• There is a super powerful metal floating around called orichalcum, and if you can get your hands on it, you'll want to. A number of creatures are resistant to normal damage, such as the Neo Sphinx pictured on the cover, and orichalcum weapons and bullets even that score up pretty quickly.
  • The writing assumes a heftier level of knowledge regarding Greek myth than I was prepared for, as I couldn't suss out from the writing who the 13 corporations were ran by, for sure, once you got past the six specifically spelled out in the book. This confusion stemmed from 14 Greek Gods name checked in the backstory, with none of them specifically excluded from Olympus, Inc., even though 13 corporations make up the conglomerate. Incidentally, this gets further confused with the number of Paragon bloodlines - 12, not 13 or 14. A couple of the NPCs and businesses were jarring to me, such as club owner Orlando Jones, who is an urban nymph and not a famous voice actor and former MadTV and Sleepy Hollow star. Another one that caused a double take is Dionysus' Cumulus Production Group, which produces movies, TV shows and stage shows, not to be confused with real life Cumulus Media, which is the second largest radio broadcaster in the US.
  • Olympus, Inc. modifies traditional Savage Worlds rules a bit, dumping Lockpicking for Intrusion and Hacking. It also adds a number of suitable new Edges and Hindrances. Hindrances such as Carousing - in which you have to resist being swept up in parties - are appropriate for most Greek God types. Lazy is another one, which requires you to muster force of will in order to complete a task in the same amount of time as a normal individual. Tragic Doom can be Minor or Major, and if it's Major, it means your existence is definitely going off the rails eventually.
  • A random adventure generator is included, in lieu of Savage Tales or a Plot Point Campaign, and it is structured differently than many of the generators out there. You draw four cards to determine the Scenario, the Antagonist, the Motivation and the Reward (all based on suit), and then you go back card to card and use the value to determine the Main Theme, the Start, the Twist and the Main Scene. I love a good random generator, as you all know, and I especially love it if it is constructed differently than ones before.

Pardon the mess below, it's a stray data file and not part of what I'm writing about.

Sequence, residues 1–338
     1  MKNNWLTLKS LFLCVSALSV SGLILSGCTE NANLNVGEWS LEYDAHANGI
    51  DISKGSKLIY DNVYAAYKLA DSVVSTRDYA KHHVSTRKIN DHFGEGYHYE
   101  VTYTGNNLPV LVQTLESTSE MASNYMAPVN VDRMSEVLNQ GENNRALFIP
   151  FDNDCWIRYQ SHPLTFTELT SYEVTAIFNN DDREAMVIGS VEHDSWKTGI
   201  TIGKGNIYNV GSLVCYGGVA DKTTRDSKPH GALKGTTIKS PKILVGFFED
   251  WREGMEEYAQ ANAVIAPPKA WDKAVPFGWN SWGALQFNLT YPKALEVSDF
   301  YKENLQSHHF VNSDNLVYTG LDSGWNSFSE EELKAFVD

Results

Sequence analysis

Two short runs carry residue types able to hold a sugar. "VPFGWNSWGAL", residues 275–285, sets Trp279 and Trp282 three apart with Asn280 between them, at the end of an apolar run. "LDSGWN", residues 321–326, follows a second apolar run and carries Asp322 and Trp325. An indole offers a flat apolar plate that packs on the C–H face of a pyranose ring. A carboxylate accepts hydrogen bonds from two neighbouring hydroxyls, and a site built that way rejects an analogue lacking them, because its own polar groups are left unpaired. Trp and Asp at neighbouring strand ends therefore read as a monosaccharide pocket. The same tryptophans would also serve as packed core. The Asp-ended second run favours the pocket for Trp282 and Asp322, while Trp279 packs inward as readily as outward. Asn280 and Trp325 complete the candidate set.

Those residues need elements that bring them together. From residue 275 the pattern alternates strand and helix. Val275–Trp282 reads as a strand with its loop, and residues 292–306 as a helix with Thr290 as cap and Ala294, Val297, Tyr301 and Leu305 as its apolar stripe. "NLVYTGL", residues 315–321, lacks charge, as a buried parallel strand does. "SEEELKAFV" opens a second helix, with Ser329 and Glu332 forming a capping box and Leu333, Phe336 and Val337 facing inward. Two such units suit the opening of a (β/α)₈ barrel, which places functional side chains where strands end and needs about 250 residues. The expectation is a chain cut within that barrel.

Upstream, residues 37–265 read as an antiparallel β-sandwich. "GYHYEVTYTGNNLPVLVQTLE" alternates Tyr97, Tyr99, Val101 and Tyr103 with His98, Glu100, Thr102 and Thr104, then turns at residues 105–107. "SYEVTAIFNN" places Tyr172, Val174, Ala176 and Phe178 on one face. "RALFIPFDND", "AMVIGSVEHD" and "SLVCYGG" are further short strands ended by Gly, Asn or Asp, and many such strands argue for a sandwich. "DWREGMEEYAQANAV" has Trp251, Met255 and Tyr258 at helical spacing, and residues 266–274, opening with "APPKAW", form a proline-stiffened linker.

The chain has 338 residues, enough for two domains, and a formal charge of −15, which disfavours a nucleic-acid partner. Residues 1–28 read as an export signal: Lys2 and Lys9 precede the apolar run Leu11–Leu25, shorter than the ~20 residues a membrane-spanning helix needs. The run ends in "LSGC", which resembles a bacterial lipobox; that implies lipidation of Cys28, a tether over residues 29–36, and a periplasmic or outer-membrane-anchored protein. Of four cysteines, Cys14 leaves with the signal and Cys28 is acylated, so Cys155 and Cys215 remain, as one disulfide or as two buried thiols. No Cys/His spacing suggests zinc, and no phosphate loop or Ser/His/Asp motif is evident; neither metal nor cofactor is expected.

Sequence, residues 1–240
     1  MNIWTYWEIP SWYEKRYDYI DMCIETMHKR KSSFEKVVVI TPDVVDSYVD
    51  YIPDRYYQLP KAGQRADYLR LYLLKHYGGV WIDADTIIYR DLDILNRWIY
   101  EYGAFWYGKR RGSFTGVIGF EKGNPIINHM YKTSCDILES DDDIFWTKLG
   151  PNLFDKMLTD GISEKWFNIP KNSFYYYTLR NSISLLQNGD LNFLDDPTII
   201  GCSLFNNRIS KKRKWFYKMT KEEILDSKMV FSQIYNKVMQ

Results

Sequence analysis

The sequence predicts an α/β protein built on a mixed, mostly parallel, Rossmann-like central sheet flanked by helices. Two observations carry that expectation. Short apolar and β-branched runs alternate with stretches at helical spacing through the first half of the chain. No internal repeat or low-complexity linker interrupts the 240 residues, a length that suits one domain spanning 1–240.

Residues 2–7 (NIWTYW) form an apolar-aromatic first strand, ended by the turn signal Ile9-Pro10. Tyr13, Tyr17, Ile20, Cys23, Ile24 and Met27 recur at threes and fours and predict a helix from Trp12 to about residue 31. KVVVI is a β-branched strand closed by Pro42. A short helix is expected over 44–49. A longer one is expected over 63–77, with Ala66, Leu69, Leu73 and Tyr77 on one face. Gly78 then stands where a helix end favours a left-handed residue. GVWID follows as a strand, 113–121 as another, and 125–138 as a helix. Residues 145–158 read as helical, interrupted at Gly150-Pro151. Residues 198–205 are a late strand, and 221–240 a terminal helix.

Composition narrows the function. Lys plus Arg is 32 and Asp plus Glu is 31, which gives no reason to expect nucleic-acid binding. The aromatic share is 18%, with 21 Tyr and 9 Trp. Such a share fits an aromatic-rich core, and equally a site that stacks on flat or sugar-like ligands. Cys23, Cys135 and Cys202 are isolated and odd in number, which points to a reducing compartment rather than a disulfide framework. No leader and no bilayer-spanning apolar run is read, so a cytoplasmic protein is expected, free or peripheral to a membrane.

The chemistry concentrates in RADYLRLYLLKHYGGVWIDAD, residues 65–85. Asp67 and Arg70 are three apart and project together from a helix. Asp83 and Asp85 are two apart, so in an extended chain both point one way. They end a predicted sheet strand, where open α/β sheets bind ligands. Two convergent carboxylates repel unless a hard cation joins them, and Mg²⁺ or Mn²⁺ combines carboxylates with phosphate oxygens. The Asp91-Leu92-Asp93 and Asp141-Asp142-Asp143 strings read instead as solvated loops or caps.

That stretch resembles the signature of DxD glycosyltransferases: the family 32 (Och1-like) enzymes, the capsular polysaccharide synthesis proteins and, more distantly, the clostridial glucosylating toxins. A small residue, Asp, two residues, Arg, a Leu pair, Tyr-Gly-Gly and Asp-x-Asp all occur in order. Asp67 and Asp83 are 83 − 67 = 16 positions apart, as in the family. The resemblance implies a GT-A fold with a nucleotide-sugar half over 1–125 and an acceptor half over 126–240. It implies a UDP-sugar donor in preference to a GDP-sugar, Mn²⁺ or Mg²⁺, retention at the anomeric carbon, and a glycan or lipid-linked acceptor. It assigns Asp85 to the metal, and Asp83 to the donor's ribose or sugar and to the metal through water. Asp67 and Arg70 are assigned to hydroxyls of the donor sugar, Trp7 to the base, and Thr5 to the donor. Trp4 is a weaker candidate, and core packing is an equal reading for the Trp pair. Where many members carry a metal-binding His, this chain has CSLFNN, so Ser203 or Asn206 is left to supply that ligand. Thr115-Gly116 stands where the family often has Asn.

CONCLUSION: I do love Greek Myths and I love the Super Powers Companion power rules way more than I do the base Savage Worlds rules. I totally believe that was the right way to take this project, rather than shoehorning God level powers into pools of power points. The Nemesis Law also does a great job of explaining why the Demigods don't just run roughshod over everyone, as she can lay her punishment down at anytime and is apparently functionally untouchable, at least in that regard. The concept is certainly unique. The closest thing I can recall to it is Corporia, which is Arthurian legend in a corporate setting. Interestingly, while that one has an AI name M.E.R.L.I.N. - which is said to be THE Merlin - the current incarnation of the Oracle at Delphi in Olympus, Inc. is also a computer. 

This is certainly one of the most unique Savage settings I've ever seen, in concept and implementation. I do look forward to seeing the remaining six (or however many) Bloodlines unveiled. My biggest complaint is the tightness of the setting material, namely which of the Gods are behind Olympus, Inc. and which Bloodlines are still being propagated as that material wasn't immediately obvious from reading the PDF or from searching it. While I don't know that Corporate Greek Gods would be an easy selling for my pool of players (such as it is), I applaud Fabled Environments for doing something new and compelling, both thematically and mechanically.